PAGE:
Introduction: The frequency and clinical significance of polymicrobial aetiology in community-acquired pneumonia (CAP) patients admitted to the ICU have been poorly studied. The aim of the present study was to describe the prevalence, clinical characteristics and outcomes of severe CAP of polymicrobial aetiology in patients admitted to the ICU.
Methods: The prospective observational study included 362 consecutive adult patients with CAP admitted to the ICU within 24 hours of presentation; 196 (54%) patients had an established aetiology.
Results: Polymicrobial infection was present in 39 (11%) cases (20% of those with defined aetiology): 33 cases with two pathogens, and six cases with three pathogens. The most frequently identified pathogens in polymicrobial infections were Streptococcus pneumoniae (n = 28, 72%), respiratory viruses (n = 15, 39%) and Pseudomonas aeruginosa (n = 8, 21%). Chronic respiratory disease and acute respiratory distress syndrome criteria were independent predictors of polymicrobial aetiology. Inappropriate initial antimicrobial treatment was more frequent in the polymicrobial aetiology group compared with the monomicrobial aetiology group (39% vs. 10%, P < 0.001), and was an independent predictor of hospital mortality (adjusted odds ratio = 10.79, 95% confidence interval = 3.97 to 29.30; P < 0.001). The trend for higher hospital mortality of the polymicrobial aetiology group compared with the monomicrobial aetiology group (n = 8, 21% versus n = 17, 11%), however, was not significantly different (P = 0.10).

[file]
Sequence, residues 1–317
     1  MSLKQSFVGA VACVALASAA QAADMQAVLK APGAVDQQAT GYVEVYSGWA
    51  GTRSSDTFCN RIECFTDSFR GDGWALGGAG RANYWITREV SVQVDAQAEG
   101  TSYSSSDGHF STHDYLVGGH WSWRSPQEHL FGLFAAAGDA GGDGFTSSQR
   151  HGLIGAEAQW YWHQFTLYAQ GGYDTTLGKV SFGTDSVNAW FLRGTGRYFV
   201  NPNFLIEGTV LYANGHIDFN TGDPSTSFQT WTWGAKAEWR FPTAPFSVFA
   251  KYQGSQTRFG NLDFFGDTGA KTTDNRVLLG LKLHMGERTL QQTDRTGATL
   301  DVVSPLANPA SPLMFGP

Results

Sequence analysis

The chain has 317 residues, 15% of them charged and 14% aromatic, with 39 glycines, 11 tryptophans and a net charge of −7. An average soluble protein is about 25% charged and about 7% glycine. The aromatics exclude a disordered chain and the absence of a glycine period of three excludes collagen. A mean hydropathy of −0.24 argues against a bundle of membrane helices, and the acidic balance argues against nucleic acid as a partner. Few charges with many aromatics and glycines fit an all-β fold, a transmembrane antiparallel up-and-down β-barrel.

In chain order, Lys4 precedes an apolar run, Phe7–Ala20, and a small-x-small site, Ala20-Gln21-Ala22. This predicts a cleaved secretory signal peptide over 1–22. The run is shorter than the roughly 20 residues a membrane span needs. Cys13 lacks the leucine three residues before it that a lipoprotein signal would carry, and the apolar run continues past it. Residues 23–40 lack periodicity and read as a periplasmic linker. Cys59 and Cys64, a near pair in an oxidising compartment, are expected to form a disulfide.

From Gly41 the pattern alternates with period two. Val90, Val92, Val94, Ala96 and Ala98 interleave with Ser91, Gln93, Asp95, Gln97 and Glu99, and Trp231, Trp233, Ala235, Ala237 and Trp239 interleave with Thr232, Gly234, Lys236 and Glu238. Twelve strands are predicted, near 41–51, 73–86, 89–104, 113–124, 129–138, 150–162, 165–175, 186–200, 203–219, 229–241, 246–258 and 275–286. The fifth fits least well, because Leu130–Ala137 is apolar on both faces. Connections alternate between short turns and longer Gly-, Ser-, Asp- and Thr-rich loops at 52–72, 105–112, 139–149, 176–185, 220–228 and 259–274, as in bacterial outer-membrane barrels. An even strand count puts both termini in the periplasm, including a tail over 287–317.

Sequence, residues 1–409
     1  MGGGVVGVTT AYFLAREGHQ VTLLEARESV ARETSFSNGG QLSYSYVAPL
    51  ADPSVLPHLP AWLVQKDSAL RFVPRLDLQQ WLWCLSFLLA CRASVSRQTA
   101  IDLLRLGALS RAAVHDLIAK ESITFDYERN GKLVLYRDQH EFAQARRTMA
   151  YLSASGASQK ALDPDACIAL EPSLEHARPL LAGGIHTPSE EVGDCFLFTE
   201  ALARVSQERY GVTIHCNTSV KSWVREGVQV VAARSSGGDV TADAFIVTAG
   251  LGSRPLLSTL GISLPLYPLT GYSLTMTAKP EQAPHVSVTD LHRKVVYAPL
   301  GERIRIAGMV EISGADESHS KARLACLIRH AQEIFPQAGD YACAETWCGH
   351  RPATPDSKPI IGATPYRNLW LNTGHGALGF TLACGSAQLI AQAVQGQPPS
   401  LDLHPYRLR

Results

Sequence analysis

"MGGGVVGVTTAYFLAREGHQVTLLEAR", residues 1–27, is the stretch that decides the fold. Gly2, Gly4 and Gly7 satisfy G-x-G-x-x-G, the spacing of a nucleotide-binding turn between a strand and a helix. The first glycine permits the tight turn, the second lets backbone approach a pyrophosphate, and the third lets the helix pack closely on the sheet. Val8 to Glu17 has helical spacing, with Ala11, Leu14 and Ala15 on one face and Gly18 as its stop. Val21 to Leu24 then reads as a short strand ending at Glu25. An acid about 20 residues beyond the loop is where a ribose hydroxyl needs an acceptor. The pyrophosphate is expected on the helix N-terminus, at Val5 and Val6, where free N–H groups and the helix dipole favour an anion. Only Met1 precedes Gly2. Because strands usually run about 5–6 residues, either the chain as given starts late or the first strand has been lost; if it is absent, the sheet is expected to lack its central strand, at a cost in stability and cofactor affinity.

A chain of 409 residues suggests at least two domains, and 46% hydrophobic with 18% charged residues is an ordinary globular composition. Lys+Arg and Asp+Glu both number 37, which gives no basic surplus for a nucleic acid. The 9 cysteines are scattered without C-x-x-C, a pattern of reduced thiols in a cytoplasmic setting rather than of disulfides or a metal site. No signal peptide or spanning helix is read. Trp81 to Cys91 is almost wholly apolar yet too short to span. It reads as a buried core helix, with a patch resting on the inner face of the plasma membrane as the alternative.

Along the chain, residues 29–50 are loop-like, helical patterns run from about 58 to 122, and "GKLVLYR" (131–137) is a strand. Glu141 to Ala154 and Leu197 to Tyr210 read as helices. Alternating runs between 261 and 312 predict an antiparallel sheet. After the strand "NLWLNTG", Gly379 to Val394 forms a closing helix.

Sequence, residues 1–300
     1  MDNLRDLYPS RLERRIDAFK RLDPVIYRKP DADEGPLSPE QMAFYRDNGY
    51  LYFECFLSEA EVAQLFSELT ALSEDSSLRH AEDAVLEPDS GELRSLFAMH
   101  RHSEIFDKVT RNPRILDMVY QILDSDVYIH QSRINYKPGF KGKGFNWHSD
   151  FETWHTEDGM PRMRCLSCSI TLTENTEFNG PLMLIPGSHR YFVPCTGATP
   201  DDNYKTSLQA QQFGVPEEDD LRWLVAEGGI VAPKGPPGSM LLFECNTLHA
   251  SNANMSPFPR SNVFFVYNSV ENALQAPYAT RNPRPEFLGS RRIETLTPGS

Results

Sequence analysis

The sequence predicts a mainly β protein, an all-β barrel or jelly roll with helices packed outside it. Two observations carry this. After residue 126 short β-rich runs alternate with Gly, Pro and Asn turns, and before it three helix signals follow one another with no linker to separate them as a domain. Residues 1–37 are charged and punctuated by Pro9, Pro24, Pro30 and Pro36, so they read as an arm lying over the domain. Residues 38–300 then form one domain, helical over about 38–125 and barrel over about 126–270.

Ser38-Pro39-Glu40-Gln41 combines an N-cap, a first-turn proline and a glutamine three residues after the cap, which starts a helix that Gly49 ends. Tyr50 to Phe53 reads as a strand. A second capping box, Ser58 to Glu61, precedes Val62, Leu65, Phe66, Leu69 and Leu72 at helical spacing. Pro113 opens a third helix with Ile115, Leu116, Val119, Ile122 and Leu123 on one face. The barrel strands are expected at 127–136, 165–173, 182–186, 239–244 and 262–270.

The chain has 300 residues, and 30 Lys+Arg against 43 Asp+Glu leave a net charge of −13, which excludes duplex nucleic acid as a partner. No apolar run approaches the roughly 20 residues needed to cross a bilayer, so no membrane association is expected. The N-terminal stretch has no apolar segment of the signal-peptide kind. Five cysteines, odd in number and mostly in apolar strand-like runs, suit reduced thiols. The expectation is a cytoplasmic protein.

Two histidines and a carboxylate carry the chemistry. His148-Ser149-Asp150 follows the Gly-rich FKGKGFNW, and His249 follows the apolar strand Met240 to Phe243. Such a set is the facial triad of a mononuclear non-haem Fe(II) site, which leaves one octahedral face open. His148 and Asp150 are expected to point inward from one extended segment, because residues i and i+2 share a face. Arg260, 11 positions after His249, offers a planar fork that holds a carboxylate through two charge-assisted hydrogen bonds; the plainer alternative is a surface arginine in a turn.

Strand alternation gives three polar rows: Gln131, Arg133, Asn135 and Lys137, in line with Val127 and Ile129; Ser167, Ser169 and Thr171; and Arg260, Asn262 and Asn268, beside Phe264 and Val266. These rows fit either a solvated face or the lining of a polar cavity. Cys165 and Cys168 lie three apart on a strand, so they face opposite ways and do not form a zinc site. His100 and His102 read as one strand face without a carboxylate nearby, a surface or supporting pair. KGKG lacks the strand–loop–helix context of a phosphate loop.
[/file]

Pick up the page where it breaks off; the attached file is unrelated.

Conclusions: Polymicrobial pneumonia occurs frequently in patients admitted to the ICU. This is a risk factor for inappropriate initial antimicrobial treatment, which in turn independently predicts hospital mortality.